For those of you who favor comparison shopping, a similar though slightly more fatigued example with pitting in the bowl recently sold on ebay (item 281610340194) @157.50
With the added cachet (we were going to say "snob appeal", but then remembered that our faithful readers, all two of them who remain, aren't snooty) of a Cartier retailer's mark.
We were going to send these straight into the smelter's gaping maw, but then thought that perhaps just perhaps there might be an Agnes or three who'd want to see herself immortalized on a spoon...
Then again, you could log on to the Bay of Eeehs and try to beat down the consignor who's got his listed for nine hundred dollars...
One of Frank Smith's better designs, and one of Yours Truly's favorite patterns...
One of these days, a more scholarly colleague will reveal the true name of this pattern...
Silver scholar and author D. Albert Soeffing describes this portrait as "a rather plain woman," and though it lacks the sophistication of some Medallions, there is a certain undeniable charm to her face. A great entry level item for the budding silver collector, should such a creature still exist...
Knives are always tough to find in antique King's and related patterns. These are especially well suited to use, with their stainless blades by Robert F. Mosley of Sheffield which look to have been done in the 1930's. About as close as we get to shabby chic...
One would be hard-pressed indeed to find a better set of dinner forks.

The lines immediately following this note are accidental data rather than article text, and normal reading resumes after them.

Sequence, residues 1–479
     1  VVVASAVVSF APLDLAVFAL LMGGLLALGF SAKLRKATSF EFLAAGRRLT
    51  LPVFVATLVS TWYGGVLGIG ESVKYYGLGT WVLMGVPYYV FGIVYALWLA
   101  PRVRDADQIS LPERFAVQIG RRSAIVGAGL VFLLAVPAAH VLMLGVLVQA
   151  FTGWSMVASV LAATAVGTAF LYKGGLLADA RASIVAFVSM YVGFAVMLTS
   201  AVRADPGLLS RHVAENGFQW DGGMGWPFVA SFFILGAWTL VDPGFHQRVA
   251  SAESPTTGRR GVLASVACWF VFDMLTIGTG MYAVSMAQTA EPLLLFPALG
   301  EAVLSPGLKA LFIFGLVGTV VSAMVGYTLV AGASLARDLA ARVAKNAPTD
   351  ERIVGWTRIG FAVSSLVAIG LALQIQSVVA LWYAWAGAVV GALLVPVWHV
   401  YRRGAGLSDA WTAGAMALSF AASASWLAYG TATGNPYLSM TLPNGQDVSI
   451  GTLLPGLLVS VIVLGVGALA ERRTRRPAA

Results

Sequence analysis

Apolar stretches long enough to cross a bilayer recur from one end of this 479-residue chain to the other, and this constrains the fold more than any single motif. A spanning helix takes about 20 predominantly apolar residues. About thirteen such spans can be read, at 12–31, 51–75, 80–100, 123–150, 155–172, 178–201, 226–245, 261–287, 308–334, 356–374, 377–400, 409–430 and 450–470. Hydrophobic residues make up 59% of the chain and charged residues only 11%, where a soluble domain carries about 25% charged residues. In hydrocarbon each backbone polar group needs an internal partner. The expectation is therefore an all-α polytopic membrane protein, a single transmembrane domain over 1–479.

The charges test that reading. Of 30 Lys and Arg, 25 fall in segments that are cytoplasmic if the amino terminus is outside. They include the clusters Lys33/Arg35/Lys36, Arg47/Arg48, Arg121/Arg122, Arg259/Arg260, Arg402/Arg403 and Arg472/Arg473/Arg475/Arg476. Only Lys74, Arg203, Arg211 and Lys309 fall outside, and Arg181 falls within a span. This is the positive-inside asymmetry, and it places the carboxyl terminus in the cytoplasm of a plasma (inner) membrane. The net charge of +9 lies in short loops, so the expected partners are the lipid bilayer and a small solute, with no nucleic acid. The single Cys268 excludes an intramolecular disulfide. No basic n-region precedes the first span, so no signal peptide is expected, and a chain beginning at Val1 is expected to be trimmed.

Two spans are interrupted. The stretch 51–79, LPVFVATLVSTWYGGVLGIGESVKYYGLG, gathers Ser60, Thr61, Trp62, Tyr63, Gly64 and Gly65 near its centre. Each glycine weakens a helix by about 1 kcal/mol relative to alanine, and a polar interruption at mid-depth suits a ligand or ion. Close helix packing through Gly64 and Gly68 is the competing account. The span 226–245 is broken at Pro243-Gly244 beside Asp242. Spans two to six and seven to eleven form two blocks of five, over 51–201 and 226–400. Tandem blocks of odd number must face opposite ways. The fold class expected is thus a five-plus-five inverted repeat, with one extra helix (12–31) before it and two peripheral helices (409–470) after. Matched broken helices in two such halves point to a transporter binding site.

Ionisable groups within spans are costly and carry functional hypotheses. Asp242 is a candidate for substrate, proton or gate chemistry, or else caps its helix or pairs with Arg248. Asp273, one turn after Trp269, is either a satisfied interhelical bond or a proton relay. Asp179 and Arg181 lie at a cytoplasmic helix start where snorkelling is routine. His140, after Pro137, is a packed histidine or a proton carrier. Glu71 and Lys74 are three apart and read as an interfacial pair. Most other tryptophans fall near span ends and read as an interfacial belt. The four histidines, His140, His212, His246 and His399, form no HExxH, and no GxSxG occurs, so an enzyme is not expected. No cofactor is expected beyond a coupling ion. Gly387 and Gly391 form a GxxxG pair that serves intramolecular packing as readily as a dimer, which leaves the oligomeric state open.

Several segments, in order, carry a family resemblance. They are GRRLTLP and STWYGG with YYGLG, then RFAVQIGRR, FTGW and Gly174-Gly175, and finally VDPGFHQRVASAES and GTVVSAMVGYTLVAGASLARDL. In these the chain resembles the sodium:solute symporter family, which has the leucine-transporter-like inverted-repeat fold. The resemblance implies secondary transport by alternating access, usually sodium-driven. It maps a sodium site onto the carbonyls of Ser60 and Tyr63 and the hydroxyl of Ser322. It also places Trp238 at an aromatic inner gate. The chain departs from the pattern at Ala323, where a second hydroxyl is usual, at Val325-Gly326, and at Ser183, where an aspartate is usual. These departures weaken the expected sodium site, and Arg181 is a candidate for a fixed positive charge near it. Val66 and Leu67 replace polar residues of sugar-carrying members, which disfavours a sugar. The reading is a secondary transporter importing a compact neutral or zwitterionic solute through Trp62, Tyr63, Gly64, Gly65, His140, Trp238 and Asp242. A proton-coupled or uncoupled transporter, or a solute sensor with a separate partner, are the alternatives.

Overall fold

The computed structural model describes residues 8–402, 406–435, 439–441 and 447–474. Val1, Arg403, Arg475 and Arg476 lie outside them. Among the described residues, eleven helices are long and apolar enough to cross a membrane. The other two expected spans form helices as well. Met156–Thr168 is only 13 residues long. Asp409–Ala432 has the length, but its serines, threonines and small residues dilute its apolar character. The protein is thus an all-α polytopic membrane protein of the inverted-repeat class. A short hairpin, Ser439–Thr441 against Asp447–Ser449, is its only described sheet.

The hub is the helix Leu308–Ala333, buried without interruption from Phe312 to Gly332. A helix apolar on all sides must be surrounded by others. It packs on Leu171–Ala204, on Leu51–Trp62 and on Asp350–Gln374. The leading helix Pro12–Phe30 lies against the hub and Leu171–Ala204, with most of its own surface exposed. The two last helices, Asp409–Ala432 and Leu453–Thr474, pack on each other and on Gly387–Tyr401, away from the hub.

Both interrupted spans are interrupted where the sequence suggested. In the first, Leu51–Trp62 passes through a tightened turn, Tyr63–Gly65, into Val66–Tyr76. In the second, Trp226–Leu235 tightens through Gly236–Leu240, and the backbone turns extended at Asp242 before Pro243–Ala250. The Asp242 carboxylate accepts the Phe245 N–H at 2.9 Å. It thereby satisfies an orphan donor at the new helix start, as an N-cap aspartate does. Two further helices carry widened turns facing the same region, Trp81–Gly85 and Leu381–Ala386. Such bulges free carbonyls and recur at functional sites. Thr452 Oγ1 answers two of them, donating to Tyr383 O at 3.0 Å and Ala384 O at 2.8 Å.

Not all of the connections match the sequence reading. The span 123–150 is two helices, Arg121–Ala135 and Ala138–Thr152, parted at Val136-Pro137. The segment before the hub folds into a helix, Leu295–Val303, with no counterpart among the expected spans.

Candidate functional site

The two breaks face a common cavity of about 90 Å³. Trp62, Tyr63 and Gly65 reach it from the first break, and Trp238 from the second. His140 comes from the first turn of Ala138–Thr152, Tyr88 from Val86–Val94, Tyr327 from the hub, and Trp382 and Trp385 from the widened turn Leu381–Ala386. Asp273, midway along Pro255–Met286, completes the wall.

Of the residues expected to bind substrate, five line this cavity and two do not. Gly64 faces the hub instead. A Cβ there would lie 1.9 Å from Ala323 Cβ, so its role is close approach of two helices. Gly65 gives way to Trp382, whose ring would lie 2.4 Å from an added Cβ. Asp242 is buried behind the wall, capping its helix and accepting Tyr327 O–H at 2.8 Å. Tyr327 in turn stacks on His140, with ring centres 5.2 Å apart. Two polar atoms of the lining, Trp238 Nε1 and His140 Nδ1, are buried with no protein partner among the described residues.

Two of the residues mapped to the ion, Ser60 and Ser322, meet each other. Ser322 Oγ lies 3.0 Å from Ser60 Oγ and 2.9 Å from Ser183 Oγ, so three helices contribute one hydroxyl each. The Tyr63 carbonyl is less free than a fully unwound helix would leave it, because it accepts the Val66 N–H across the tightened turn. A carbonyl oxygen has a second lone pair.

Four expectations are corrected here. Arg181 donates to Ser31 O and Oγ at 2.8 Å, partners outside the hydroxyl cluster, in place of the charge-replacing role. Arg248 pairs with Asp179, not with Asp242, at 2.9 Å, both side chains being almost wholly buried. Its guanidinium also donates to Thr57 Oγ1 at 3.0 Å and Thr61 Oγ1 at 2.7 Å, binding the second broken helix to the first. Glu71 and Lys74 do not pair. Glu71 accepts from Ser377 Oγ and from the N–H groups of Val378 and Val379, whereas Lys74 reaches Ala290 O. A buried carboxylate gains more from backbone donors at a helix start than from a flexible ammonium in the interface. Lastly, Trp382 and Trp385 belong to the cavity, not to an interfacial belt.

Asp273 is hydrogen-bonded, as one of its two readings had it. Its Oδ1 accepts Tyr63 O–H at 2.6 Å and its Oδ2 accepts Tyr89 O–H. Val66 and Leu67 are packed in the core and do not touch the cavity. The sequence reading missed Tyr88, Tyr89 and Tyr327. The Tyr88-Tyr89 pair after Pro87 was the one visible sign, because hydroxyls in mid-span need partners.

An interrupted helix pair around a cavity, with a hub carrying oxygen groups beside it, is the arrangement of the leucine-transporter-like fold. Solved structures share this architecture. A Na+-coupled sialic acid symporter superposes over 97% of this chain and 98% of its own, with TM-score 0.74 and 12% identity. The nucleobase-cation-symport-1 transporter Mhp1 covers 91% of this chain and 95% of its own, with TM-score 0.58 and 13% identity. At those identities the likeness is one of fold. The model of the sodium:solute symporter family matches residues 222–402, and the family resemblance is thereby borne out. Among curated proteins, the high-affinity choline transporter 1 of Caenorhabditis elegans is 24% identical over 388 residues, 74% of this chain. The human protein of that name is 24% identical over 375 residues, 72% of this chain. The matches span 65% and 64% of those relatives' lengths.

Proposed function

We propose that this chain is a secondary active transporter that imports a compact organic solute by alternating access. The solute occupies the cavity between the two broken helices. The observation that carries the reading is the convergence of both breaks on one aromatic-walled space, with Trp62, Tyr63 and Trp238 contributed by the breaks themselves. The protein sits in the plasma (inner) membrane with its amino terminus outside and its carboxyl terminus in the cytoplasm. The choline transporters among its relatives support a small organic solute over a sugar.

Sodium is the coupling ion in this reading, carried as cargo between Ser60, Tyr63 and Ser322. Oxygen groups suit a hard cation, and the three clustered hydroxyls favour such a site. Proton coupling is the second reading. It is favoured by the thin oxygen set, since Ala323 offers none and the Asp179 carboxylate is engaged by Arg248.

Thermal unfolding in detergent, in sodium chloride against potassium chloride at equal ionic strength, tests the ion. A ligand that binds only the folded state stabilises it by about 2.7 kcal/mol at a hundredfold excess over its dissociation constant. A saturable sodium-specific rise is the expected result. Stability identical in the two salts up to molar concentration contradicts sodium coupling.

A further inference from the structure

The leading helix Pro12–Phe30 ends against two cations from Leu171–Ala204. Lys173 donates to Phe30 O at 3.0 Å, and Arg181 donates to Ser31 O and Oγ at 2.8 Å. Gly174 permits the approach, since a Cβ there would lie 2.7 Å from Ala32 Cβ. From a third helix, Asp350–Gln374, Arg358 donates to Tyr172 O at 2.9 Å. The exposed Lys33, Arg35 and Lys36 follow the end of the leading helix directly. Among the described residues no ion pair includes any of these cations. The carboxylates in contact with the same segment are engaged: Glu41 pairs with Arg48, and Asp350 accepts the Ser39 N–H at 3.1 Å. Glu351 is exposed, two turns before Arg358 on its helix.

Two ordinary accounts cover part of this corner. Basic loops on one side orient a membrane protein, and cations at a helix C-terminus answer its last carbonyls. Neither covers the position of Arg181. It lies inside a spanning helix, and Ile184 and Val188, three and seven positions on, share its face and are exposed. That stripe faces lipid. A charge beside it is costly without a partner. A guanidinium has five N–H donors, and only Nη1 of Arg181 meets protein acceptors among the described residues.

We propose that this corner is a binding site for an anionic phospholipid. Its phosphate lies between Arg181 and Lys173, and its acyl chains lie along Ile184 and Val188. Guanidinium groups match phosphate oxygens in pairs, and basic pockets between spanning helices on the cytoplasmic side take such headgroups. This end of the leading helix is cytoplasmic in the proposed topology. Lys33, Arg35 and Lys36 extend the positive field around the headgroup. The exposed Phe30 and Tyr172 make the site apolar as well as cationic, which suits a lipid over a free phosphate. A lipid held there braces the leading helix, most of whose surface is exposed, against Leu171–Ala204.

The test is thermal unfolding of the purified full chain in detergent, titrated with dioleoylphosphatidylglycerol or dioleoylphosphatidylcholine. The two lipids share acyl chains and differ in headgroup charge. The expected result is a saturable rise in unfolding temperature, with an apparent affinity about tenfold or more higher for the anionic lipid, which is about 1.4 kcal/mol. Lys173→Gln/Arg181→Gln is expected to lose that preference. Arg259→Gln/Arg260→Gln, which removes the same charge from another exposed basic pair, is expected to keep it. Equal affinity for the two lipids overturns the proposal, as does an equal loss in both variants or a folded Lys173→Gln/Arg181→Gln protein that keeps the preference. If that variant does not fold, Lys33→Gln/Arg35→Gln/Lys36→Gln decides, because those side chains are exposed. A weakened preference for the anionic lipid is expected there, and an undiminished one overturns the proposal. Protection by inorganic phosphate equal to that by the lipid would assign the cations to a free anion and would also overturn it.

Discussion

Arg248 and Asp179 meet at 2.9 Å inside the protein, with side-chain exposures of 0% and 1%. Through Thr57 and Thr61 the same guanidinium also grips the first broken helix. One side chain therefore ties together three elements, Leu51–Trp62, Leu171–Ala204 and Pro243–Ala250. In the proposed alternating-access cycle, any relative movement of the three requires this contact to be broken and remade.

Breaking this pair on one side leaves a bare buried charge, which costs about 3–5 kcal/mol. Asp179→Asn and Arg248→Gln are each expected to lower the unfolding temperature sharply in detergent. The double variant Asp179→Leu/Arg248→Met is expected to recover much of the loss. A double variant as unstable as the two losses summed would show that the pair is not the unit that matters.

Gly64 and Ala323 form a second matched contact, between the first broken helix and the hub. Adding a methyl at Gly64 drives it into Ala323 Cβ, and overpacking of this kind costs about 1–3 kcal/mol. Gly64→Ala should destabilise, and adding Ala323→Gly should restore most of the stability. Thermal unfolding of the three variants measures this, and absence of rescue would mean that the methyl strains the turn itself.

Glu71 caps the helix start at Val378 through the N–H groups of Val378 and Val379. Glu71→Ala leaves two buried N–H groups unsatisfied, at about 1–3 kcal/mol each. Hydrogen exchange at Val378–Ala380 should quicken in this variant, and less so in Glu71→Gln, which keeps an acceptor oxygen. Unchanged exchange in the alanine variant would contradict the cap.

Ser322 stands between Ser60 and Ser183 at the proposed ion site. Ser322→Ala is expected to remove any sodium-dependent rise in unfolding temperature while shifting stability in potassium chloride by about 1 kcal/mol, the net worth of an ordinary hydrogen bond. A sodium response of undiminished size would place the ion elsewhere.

Over the years, we've bought and sold many pieces of Blossom. This one is in exemplary condition, with gentle hammer marks on spoon bowl and fork tines; each petal of the blossom with full detail.
DeMatteo produced objects for Colonial Williamsburg, and often used designs by the 18th century Virginia silversmith James Geddy as his inspiration. These were marked I ˖ G in addition to the usual trademarks (see third photo).
Over the years, we've bought and sold more than a few items by the DeMatteo family. This is unquestionably the best we've had the privilege to offer.
This pattern has always been a personal favorite. Note the expressiveness of the eyes, which you may examine up close in photo number three.
Place pieces are much rarer than servers in this grand old Durgin pattern whose name is a subject of some disagreement, which leads me to believe that not many were produced.
These are particularly choice examples, extra heavy, with excellent detail and die depth. To my eye, this is one of R & B's most attractive designs. For further discussion of what makes a pattern aesthetically successful, see Design New England, November-December 2012, pp. 60-64